Referring to FIGS. 1 and 2, the package illustrated is in the form of a substantially flat and rectangular packet 20 comprising front and rear panels 22, 24 fabricated of flexible packaging material. The packaging material is a laminate, preferably'consisting of an outer backing 26 made of paper, cellophane or similar suitable material and an inner thermoplastic coating 28. In this embodiment of the invention, the packet is made of a single sheet of packaging material which is calendered or scored so as to deiine a pair of parallel and regular zig-zag patterns 30, 30' (FIG. 3) each located on opposite sides of and an equal distance from a center fold line 32. The packet is formed by folding the sheet along line 32 so that the calendered patterns 30 and 30 coincide with one another and line 32 defines the top edge of the packet. The front and rear panels 22 and 24, which consist of those portions of the sheet of packaging material on opposite sides of the fold line 32, are Welded together along a straight line intersecting the zig-zag patterns so as t0 form a continuous seal 34 which serves to divide the packet into a top tear-away portion 36 and a lower, commodity-containing body portion 38. As is obvious to persons skilled in the art, the seal 34 is formed by pressing the panels together by means of heated rollers or jaws which soften the inner plastic coating suiiicient for the panels to weld together. As shown, the zig-zag portion is partly above and partly below seal 34. The peripheral edges of the folded sheet also are heat-sealed together to form two longitudinally-extending seals 40, 42 -which coact with seal 34 to form a continuous, three-sided seal which defines an open packet. Then with the packet inverted from the position shown in FIG. 1, so that its open end is up, it is filled with the particulate contents, represented at 43 in FIG. 2. Finally, the open end of the packet is closed by sealing together the corresponding end edges of the panels 22, 24 to form a continuous, transverse bottom seal 44. The result is a hermetically sealed packet from which the particulate material 43 cannot eS- cape until the pack is torn open.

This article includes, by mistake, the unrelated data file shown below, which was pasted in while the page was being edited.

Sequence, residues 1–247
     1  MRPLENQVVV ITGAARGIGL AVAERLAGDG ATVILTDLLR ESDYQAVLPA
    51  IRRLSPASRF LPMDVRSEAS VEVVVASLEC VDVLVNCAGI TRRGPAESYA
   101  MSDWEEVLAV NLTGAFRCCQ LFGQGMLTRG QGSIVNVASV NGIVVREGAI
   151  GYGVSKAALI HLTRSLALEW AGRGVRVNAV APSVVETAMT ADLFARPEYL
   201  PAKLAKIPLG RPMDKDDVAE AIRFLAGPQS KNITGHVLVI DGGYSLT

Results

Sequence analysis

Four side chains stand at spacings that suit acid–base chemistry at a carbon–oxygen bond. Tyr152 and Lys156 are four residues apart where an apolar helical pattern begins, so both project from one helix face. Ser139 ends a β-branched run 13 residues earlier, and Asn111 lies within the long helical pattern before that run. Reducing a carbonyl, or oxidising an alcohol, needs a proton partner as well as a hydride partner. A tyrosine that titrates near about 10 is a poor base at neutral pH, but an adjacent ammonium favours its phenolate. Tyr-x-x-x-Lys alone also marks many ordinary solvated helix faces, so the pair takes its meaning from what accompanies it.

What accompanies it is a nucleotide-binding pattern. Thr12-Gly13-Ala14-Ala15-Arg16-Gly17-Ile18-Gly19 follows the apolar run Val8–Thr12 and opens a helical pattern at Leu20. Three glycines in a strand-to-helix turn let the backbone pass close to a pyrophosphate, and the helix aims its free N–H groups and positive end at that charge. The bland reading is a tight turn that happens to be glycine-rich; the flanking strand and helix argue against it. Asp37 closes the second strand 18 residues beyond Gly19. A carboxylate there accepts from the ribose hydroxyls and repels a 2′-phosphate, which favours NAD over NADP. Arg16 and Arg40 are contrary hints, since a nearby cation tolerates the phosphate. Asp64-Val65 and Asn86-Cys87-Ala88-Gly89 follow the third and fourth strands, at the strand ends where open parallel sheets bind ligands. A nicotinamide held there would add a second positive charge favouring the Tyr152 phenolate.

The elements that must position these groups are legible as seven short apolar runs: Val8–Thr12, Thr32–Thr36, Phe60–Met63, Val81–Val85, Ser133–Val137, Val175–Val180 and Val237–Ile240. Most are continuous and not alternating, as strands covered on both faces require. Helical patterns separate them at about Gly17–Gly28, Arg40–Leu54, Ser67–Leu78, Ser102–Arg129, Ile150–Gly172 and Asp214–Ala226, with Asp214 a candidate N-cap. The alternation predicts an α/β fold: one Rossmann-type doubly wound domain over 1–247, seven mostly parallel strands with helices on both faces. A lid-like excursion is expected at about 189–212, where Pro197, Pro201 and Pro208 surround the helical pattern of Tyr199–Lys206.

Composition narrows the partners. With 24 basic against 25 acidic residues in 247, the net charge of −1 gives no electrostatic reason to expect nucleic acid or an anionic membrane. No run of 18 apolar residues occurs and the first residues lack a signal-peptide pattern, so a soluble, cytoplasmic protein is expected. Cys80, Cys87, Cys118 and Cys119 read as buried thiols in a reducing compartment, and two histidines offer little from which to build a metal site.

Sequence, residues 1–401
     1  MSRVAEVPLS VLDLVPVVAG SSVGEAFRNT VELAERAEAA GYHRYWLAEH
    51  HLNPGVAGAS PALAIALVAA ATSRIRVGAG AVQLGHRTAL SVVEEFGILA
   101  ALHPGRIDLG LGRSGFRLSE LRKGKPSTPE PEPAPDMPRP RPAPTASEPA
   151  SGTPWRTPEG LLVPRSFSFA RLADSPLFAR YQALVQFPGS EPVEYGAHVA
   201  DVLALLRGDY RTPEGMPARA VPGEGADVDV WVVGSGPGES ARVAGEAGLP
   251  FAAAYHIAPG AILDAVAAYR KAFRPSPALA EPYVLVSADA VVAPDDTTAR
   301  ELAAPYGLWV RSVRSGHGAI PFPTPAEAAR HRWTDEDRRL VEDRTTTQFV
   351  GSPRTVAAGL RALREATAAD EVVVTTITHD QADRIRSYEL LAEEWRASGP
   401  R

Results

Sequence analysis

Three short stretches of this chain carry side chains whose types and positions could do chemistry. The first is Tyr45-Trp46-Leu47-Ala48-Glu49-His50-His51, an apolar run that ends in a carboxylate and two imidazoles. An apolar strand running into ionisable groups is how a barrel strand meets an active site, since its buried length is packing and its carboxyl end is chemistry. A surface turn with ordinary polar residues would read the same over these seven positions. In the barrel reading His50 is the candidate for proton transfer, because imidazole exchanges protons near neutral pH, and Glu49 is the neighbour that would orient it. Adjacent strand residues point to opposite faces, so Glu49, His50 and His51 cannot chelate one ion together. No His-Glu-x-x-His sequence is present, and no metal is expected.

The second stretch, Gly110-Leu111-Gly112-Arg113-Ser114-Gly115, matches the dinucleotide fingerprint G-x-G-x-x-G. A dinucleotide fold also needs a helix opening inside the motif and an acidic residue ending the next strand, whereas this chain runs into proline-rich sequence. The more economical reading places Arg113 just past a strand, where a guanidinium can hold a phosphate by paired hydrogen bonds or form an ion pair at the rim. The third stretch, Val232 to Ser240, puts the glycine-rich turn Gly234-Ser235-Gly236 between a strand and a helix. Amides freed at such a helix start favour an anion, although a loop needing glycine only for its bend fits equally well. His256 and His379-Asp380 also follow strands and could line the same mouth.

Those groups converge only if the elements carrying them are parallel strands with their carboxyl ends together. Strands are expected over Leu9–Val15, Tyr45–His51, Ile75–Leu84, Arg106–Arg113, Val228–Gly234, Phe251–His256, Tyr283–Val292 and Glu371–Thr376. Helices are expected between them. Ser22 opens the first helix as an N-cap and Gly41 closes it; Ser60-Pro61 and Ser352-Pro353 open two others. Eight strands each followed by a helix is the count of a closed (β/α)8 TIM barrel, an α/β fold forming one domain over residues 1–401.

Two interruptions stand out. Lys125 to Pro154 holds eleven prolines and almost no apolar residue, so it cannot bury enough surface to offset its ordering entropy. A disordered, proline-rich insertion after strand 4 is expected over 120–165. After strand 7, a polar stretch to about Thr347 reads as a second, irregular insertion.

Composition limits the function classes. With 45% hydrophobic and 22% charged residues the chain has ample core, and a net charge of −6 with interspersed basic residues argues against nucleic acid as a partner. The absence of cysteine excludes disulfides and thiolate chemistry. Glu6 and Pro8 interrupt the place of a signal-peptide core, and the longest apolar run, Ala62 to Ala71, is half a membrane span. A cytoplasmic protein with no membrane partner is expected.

Seal 34 is intended as a temporary seal and accordingly may be narrow so as to facilitate its rupture when the packet is opened in the intended manner hereinafter described. However, since the top portion 36 of the packet is discarded when the packet is opened, seal 34 may eX- tend to the top edge of the packet, as represented by fold line 32. Seals 40, 42, and 44 are permanent seals and thus, as shown, are preferably wider than seal 34 so as to resist rupture when the packet is opened.